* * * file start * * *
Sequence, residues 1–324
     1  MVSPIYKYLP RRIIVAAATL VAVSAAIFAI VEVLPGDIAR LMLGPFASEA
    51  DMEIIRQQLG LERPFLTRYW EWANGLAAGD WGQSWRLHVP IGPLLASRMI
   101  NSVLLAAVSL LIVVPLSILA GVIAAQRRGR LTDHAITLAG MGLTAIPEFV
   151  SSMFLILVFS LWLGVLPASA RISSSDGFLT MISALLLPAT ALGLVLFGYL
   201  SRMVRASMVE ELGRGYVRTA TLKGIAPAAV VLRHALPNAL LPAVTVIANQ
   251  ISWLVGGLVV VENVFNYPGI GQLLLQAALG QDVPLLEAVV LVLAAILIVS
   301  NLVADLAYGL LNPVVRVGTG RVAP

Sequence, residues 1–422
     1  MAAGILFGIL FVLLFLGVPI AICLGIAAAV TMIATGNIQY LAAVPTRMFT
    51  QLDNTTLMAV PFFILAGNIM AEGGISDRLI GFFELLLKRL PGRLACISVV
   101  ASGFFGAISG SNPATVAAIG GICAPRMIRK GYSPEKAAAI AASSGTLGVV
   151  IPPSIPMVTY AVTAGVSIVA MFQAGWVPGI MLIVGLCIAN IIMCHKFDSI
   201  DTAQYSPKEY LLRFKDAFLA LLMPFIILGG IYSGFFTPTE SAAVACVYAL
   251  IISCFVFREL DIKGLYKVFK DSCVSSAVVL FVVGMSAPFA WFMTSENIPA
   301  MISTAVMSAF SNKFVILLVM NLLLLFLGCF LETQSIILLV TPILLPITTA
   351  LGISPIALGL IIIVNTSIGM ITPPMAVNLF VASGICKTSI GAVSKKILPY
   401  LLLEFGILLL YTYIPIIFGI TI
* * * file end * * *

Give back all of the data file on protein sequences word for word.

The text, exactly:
Sequence, residues 1–324
     1  MVSPIYKYLP RRIIVAAATL VAVSAAIFAI VEVLPGDIAR LMLGPFASEA
    51  DMEIIRQQLG LERPFLTRYW EWANGLAAGD WGQSWRLHVP IGPLLASRMI
   101  NSVLLAAVSL LIVVPLSILA GVIAAQRRGR LTDHAITLAG MGLTAIPEFV
   151  SSMFLILVFS LWLGVLPASA RISSSDGFLT MISALLLPAT ALGLVLFGYL
   201  SRMVRASMVE ELGRGYVRTA TLKGIAPAAV VLRHALPNAL LPAVTVIANQ
   251  ISWLVGGLVV VENVFNYPGI GQLLLQAALG QDVPLLEAVV LVLAAILIVS
   301  NLVADLAYGL LNPVVRVGTG RVAP

Sequence, residues 1–422
     1  MAAGILFGIL FVLLFLGVPI AICLGIAAAV TMIATGNIQY LAAVPTRMFT
    51  QLDNTTLMAV PFFILAGNIM AEGGISDRLI GFFELLLKRL PGRLACISVV
   101  ASGFFGAISG SNPATVAAIG GICAPRMIRK GYSPEKAAAI AASSGTLGVV
   151  IPPSIPMVTY AVTAGVSIVA MFQAGWVPGI MLIVGLCIAN IIMCHKFDSI
   201  DTAQYSPKEY LLRFKDAFLA LLMPFIILGG IYSGFFTPTE SAAVACVYAL
   251  IISCFVFREL DIKGLYKVFK DSCVSSAVVL FVVGMSAPFA WFMTSENIPA
   301  MISTAVMSAF SNKFVILLVM NLLLLFLGCF LETQSIILLV TPILLPITTA
   351  LGISPIALGL IIIVNTSIGM ITPPMAVNLF VASGICKTSI GAVSKKILPY
   401  LLLEFGILLL YTYIPIIFGI TI